Update on the Company’s move ahead of 21st anniversary
In July, Complexions Contemporary Ballet announced that it would be moving 870 miles south of its current base in New York City to the thriving city of Atlanta, the new Hollywood of the south. On the brink of its 21st season, the forward-thinking company divulged that it was looking to finally purchase its own property and to set up long-term roots.
Co-Founders and Artistic Directors Dwight Rhoden and Capezio Athlete Desmond Richardson recently chatted with Dance Informa about the move and the company’s long-term vision.
Rhoden explains, “Desmond and I had been looking at multiple cities in terms of expanding the company. We wanted to find a city where the company could really realize the next chapter in its development. We felt as though Atlanta was a city that had a really vibrant arts scene and was culturally diverse.”
“In choosing Atlanta, it actually chose us,” Richardson adds. “The more we looked at it, the more we thought the city was ripe to accept a company like ours.”
With local supporters on hand to help welcome them and to help acclimate them to the pre-existing scene, Complexions chose the city over others like Dallas, Miami, Detroit and even LA. Self-described as “a contemporary ballet company that fuses many different styles, qualities and textures together to present beautiful movement to audiences”, Complexions hopes that its multi-ethnic company will be embraced by a city with such a rich racial variety.
“What we bring to Atlanta is something that’s completely different, and it will add to the fabric of what is already going on there,” Richardson says. “We are excited to embrace everyone there.”
According to Richardson and Rhoden, the company’s “Beyond 20” campaign has many goals. Firstly, it wants to purchase its own facility. It’s been shopping for a few months now but hasn’t pinpointed an exact location. While they’re “hot and heavy on that pursuit”, according to Rhoden, Richardson cautions it will likely take time. Until then, the company will likely rent space.
“We’ve been nomadic for 20-plus years now, so this is a big dream we desire to have realized,” Rhoden shares. “We have our summer programs in four cities every year – New York, Detroit, Dallas and now Atlanta. So we have a number of educational programs, but the dream of having our own home school and training ground so that we can really influence the next generation of dancers is key for us.”
The organization, which already has an Atlanta administration office set up, has plans to officially relocate all its dancers and artistic staff just before the beginning of the 2016-17 Season.
“As far as the dancers go, this is a transitional season for the company,” Rhoden says. “We’re still operating out of New York. We still rehearsed here before we went on tour this fall. Then we obviously just had our Joyce Theater season. The plan is that by the beginning of next season, probably in late summer, the dancers and the entire company would be relocated to Atlanta.”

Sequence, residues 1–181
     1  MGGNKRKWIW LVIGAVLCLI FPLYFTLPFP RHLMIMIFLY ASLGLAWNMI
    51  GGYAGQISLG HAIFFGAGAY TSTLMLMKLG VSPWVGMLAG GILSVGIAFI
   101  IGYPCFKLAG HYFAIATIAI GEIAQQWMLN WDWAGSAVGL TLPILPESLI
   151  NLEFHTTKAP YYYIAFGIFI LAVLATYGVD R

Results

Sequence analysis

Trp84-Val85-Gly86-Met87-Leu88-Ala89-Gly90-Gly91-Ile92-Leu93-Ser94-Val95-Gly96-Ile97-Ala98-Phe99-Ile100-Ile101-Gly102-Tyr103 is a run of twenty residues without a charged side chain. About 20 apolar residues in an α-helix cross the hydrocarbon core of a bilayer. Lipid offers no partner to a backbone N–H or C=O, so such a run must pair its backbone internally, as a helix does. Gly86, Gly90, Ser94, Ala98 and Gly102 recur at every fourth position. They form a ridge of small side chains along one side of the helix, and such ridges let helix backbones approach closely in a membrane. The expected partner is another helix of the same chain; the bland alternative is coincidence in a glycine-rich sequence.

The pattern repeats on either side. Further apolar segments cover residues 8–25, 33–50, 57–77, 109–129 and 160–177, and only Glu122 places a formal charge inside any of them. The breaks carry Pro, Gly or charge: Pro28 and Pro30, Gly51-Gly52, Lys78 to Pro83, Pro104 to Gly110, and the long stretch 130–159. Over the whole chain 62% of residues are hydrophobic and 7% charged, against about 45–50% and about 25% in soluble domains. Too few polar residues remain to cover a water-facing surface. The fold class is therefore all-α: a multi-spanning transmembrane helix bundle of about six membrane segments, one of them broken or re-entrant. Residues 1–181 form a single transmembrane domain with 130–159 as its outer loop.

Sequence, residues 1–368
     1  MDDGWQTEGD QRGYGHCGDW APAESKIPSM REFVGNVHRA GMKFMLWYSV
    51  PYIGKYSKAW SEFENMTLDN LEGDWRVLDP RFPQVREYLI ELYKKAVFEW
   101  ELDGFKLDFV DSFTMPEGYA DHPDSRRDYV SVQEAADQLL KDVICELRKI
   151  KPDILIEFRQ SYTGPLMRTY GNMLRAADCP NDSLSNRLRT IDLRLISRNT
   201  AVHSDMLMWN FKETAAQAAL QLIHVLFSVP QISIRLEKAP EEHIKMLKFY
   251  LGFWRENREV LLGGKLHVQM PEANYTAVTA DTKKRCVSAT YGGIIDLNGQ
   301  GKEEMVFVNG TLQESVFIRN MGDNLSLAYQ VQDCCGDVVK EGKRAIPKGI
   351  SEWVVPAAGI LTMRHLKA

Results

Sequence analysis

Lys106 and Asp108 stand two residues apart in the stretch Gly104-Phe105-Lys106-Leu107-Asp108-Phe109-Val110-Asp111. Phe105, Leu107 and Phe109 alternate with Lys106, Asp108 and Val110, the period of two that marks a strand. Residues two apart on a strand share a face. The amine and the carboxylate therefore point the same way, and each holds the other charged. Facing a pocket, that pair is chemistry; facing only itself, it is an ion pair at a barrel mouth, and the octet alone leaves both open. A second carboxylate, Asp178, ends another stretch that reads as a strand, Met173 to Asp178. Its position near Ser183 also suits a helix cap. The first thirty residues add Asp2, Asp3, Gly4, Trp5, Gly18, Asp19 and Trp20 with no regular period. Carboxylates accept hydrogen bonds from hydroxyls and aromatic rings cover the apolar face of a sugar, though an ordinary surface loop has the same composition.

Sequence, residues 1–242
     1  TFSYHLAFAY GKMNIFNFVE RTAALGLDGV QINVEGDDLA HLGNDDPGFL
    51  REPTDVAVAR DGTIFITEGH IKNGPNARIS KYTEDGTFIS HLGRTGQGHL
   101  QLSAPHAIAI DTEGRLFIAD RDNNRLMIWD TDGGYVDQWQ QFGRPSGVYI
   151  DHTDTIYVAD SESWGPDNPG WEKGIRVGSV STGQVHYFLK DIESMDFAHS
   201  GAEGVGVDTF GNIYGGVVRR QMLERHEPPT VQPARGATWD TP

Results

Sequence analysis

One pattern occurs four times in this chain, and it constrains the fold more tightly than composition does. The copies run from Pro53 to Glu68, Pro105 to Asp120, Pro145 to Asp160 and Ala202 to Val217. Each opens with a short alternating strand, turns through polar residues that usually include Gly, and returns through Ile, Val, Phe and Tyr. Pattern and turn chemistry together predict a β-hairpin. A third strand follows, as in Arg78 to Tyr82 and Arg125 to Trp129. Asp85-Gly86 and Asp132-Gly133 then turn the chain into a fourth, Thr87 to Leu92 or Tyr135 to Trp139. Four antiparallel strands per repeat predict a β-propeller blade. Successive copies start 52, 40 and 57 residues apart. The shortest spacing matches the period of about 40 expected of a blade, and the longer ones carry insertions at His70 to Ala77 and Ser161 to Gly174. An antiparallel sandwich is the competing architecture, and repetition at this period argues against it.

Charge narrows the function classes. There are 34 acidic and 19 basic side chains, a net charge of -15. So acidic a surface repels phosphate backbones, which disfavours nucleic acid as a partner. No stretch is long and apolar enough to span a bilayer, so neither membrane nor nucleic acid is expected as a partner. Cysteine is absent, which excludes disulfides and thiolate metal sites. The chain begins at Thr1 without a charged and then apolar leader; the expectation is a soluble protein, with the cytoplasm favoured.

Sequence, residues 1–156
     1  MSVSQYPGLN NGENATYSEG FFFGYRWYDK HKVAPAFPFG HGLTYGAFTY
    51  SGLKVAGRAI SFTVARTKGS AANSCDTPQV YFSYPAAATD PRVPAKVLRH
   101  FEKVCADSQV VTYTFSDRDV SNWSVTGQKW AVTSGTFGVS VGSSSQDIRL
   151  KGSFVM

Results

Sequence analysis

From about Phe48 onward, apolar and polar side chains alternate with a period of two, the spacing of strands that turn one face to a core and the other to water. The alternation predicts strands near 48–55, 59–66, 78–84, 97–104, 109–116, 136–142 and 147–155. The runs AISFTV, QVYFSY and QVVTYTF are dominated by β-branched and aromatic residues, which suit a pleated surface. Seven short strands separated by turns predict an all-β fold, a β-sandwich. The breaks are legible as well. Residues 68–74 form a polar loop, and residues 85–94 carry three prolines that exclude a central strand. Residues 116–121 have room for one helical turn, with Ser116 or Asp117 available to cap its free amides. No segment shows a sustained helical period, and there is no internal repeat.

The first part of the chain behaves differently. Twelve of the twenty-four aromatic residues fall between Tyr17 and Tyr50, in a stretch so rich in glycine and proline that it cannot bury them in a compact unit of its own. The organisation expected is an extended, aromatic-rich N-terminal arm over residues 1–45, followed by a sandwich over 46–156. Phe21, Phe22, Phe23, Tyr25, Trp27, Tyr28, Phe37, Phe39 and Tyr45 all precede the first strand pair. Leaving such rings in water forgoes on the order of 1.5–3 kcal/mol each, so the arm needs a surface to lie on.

Another goal the company has is to launch a second company for young, aspiring dancers just starting out in their career. “We are looking to put together a junior company because there are so many young dancers around 18 or 19 years old who might not be ready for the main company but are still exceptionally talented,” Richardson explains.
In addition, the company is hoping to start presenting regular Atlanta performance seasons. Originally, Complexions announced a fall season set for October, but after reconsideration decided to reschedule it to Wednesday, December 30, at the end of its Atlanta Winter Intensive. The company performed works from its recent New York season, including: Rhoden’s new neoclassical work Ballad Unto…, which premiered last year with the Rome Opera Ballet and was more recently performed by the Tulsa Ballet in Oklahoma; a very special solo, Imprint/Maya, danced by Richardson and dedicated to Maya Angelou; and the quartet Cryin’ to Cry Out to the music of Jimmy Scott.
Strum, set to the music of Metallica, was also presented to a clearly excited audience. Reflecting on its recent presentation in New York at The Joyce, Rhoden says, “Strum was received very, very well. People were pleasantly surprised, I think, to see heavy metal combined with contemporary ballet.”
In addition to Complexions’ major transition, Richardson and Rhoden are keeping busy as in-demand master teachers and freelance choreographers/guest performers. Richardson recently taught at the Intensity Dance Convention in Indiana and is looking forward to teaching at Artists Simply Human Dance Convention next month. Rhoden, on the other hand, has been working on premieres for Silicon Valley Ballet in San Jose, California, and the Charlotte Ballet in North Carolina, where he is resident choreographer. His evening-length work, The Great Gatsby, just finished a tour throughout Russia and is looking to travel to Europe and possibly America.
As a longtime Capezio ambassador, Richardson says he is always glad to have Capezio in his corner. Whether teaching or rehearsing, he loves his Capezio apparel and especially his jazz shoes. He notes, “You learn from your past to create your future, and Capezio is a part of that future.”
Follow Complexions Contemporary Ballet’s exciting future transitions at www.complexionsdance.org.
By Chelsea Thomas of Dance Informa.